- Software name: appdown
- Software type: Microsoft Framwork
- size: 852MB
For some time after Naomi's death Reuben was sick with grief. Her going had been so cruel, so unexpectedand he could not forget how they had found her, her eyelashes wetted with tears.
The hall at this moment presented a strange spectacle. Every individual except Isabella and Oakley, were on their feet. The domestics, though not venturing to proceed beyond their own table, were bending their heads eagerly forward, to look more particularly at Calverley than at Byles, as if this charge of crime had developed some new feature in the man. Byles, with his hale complexion, changed to the paleness of a corpse, stood trembling at the foot of the table, at the head of which was standing De Boteler, with a flushed countenance and his eyes fixed upon Calverley, with such a look, that if the glance of an eye could have killed, the steward would have been consumed on the spot. There was an instant of silence, or at least there was nothing but an indistinct murmur from the lower end of the hall; and Calverley, who seemed strangely composed, took advantage of the moment to say, though without raising his eyes
All the rest of the day he prowled aimlessly about his land. His men were afraid, for it was the first time they had seen him spend a day without work. He touched neither spade nor pitchfork, he gave no orders, just wandered restlessly about the fields and barns. He ate no supper, but locked himself into his room, while the baby's thin wail rose through the beams of the kitchen ceiling, and little David cried fractiously for "mother.""Fly, knaves!" cried the galleyman, addressing Byles and Calverley, as he released the latter. "And now, meddling steward, if you attempt to interfere with her who is in that holy berth yonder, or injure the honest yeoman, her son, for this night's doings, the Lord have mercy upon you! Here, Stephen," (walking towards Holgrave, who had thrown himself beside the grave,) "up, and jump behind on my horse, for the cry of sacrilege will edge their brands, and friend or foe will have little chance. Therethe abbey-gate is thrown open, and out they come with brand and torch."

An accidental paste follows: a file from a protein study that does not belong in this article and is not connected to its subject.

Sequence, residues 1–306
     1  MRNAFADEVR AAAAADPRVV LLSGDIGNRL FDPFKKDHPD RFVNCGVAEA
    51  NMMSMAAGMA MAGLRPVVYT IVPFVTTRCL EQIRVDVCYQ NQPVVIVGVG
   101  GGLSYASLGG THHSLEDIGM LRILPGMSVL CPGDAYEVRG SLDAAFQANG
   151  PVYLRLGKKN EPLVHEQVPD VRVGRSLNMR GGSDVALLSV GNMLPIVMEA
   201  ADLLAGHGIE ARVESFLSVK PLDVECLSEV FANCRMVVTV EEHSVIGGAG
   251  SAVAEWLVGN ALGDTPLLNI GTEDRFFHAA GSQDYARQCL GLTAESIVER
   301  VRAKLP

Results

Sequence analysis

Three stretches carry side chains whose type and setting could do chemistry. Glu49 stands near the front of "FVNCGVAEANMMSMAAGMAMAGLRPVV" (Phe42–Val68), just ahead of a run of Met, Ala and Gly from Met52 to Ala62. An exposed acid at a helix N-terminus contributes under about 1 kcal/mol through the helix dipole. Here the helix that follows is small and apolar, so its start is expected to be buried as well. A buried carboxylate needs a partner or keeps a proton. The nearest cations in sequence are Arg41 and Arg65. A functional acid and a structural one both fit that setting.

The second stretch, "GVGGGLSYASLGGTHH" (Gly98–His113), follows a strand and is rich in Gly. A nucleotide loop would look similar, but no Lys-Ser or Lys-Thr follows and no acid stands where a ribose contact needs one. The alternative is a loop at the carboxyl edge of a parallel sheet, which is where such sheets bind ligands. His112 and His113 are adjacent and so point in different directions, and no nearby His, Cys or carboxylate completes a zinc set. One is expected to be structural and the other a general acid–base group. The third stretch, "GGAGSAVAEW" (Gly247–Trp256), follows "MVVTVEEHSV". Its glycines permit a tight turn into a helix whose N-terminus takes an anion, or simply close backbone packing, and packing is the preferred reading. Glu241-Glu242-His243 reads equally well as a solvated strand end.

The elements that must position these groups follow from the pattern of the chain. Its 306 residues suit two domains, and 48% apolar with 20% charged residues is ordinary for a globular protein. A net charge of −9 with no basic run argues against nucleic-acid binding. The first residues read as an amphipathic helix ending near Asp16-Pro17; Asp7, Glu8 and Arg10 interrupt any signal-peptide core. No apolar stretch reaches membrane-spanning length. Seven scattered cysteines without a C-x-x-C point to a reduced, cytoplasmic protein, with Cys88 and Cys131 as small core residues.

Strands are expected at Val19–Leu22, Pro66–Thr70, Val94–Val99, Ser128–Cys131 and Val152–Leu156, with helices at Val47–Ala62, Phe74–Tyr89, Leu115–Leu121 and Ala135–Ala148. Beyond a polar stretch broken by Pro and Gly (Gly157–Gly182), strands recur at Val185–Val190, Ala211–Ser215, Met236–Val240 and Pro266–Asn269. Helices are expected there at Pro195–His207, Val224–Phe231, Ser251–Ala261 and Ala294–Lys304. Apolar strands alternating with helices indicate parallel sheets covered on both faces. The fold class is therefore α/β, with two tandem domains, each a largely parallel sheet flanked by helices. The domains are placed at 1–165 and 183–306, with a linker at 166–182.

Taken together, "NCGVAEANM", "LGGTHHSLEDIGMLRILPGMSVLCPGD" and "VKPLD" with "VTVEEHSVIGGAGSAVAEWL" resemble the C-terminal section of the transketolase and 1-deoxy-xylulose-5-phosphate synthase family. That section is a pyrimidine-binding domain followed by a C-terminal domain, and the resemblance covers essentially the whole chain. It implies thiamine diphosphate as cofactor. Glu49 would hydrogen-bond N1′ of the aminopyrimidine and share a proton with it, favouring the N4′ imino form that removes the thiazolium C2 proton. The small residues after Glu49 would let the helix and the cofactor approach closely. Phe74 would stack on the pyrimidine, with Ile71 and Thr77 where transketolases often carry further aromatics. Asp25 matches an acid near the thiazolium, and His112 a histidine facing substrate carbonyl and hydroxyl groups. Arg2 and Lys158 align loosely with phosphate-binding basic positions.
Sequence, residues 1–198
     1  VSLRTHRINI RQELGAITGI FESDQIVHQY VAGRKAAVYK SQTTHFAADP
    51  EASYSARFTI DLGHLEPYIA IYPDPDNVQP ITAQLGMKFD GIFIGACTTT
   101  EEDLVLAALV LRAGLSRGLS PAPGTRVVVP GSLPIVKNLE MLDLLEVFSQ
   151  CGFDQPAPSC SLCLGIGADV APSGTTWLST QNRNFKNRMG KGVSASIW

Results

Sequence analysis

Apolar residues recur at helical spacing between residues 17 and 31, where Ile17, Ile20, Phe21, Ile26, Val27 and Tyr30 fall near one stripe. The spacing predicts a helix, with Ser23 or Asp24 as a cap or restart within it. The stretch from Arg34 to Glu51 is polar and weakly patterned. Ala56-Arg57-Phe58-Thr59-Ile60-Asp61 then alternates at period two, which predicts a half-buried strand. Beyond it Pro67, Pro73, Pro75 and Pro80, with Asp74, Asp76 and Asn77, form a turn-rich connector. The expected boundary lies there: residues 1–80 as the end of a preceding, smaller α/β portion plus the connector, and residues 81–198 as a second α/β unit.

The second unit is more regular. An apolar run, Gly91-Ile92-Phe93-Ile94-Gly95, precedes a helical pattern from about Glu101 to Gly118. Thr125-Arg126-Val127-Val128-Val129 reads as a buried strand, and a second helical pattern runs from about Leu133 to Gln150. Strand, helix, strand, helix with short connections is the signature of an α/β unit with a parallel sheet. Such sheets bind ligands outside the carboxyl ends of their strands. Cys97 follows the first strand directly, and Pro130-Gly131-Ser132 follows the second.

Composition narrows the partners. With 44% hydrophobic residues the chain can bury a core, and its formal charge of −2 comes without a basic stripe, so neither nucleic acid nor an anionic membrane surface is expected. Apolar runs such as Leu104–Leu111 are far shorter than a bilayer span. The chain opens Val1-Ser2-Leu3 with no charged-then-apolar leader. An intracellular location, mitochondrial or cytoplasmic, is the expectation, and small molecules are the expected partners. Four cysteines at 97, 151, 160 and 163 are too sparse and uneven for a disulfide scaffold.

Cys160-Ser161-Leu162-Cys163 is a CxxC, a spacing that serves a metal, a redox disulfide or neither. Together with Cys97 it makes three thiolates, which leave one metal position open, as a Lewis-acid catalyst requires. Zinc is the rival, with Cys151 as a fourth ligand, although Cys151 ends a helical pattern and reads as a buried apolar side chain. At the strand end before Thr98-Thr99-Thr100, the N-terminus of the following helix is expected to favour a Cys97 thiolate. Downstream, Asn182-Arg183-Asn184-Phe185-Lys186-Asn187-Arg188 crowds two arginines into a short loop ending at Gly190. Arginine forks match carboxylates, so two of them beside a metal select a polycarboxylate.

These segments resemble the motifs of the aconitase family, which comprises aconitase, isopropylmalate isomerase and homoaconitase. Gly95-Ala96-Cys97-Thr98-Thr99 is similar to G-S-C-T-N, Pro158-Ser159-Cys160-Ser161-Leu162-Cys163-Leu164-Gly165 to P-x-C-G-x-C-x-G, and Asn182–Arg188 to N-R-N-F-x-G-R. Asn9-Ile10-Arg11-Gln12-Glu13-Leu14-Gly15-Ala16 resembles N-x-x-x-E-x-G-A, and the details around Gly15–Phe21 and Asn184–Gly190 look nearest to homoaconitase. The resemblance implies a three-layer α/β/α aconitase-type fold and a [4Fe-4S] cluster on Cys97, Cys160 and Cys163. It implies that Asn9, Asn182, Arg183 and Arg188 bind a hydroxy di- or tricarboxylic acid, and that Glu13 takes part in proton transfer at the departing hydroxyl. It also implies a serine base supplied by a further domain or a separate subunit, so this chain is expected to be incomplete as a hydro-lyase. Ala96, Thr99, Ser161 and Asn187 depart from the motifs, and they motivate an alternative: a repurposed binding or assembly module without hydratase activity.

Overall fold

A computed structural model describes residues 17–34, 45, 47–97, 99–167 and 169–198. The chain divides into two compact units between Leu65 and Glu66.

Sometimes they looked in the hedges for birds' nests, or watched the rabbits skipping in the dusk. They would gape up at the stars together and call the constellations by names of their ownOrion was "the gurt tree," and Cassiopeia was "the sheep trough," and Pegasus was "the square meadow."
"Oh, I've found a way of gitting shut of them rootsesthought of it while I wur working at the trees. I'm going to blast 'em out."
It was to little purpose that Richard expostulated; the fair Joan was resolved to share in whatever perils might befal her son. As they approached Mile-end, the princess started at the deafening clamour which arose from the multitude; some shouting for Richard as they saw him advance, and others vociferating as loudly that all should hold their peace until they knew what the king would grant. When the tumult had in some degree subsided, Sir Aubrey de Vere and Sir Robert Knowles rode forward in advance of the king, and approaching Jack Straw, who was also on horseback: